#33
All i know is that i have a 33mm Mikuni on alcohol (twice as much fuel volume requirement) and i get the signal from the intake manifold. Motor makes ~25hp on chassis dyno and turns 9k RPM and never had a single issue.
Look at literally any junior dragster engine and they all have the same setup.
Crankcase pressure is very high and will push oil out into the catch can, from the valve cover and from the side cover.
Not sure if it's different because it's a flathead VS OHV?
 
#34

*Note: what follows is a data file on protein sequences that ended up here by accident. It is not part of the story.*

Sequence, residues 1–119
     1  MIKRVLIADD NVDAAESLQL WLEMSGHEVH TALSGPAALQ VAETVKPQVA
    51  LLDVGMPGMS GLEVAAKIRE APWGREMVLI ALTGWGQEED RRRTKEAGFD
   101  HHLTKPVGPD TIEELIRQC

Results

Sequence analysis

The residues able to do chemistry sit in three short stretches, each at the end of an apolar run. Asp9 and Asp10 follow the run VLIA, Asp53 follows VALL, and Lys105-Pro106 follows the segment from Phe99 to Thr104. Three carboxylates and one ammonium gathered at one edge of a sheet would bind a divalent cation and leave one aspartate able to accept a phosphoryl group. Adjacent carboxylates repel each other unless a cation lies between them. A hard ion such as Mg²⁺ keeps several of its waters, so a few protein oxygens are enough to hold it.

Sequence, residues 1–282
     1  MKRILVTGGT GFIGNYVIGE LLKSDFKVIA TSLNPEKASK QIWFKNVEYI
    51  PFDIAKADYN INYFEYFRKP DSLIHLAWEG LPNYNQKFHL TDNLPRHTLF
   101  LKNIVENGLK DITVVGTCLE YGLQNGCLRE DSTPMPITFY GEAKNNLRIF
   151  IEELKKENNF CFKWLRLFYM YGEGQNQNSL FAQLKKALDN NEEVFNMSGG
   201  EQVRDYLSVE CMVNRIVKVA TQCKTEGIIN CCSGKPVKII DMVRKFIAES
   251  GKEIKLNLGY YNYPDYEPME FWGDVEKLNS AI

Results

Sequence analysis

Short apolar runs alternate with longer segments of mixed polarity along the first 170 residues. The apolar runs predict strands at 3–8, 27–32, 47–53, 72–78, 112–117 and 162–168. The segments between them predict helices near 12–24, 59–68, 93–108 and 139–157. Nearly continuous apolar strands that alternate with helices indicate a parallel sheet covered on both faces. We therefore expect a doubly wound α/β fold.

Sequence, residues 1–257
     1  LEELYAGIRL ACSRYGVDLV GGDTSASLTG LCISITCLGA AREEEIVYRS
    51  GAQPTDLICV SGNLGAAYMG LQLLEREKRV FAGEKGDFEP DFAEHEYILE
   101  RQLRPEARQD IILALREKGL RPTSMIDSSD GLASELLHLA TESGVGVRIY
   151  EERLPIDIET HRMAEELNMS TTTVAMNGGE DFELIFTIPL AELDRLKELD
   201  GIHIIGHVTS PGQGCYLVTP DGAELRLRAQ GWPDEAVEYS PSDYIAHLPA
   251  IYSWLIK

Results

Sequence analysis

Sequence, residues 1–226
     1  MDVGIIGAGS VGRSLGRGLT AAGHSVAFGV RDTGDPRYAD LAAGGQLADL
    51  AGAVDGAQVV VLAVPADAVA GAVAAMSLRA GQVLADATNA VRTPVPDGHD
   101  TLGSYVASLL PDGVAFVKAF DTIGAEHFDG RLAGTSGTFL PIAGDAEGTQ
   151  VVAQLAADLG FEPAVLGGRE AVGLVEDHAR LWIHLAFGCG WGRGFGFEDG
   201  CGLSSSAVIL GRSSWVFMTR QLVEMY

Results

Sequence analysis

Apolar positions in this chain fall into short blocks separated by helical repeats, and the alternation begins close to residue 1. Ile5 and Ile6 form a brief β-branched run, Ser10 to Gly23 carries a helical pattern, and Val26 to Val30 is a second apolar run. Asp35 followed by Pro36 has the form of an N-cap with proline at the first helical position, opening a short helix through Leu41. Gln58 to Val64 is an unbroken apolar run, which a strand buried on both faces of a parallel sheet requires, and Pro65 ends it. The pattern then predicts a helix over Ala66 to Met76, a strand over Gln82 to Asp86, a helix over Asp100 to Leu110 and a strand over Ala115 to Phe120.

I've been trying to stay out of this one cause I don't want to do all the typing but lets go. Not open for discussion is the best location to get the pulse for the fuel pump. That's right these pumps need both vacuum and pressure to work at their best. The best location to get that is the crank case. Before you all go there yes the valve cover is a location that is like that but it ain't the same, it is too far away from the piston to get a clean +/- pulse. OK on to point #2 these pump push fuel much better than they pull so pump at or below the tank pushing fuel up to the carb. Point #3 tank above carb there is no need for a pump. Case in point Honda 750cc four cylinders have four carbs bigger than what we are dealing with here with no pump on a single fuel line. So now is time for the fix, I know you are on the edge of you tool box waiting for it. You have a plugged float bowl vent, kinda like trying to blow air into a mustard bottle. Not happening right? So to check me on this fix, mount the DRY fuel tank above the carb with a clear fuel line direct to the DRY carb with nothing in between. Put fuel in the tank and see if fuel flows to the carb, if not move to step two. Step two loosen the four screws holding the float bowl to the carb, don't remove them just a single turn on each should be fine. If fuel begins to flow the problem is confirmed to be a clogged bowl vent. Once that problem is out of the way you can reintroduce the pump and do whatever you can get away with and we can fix that.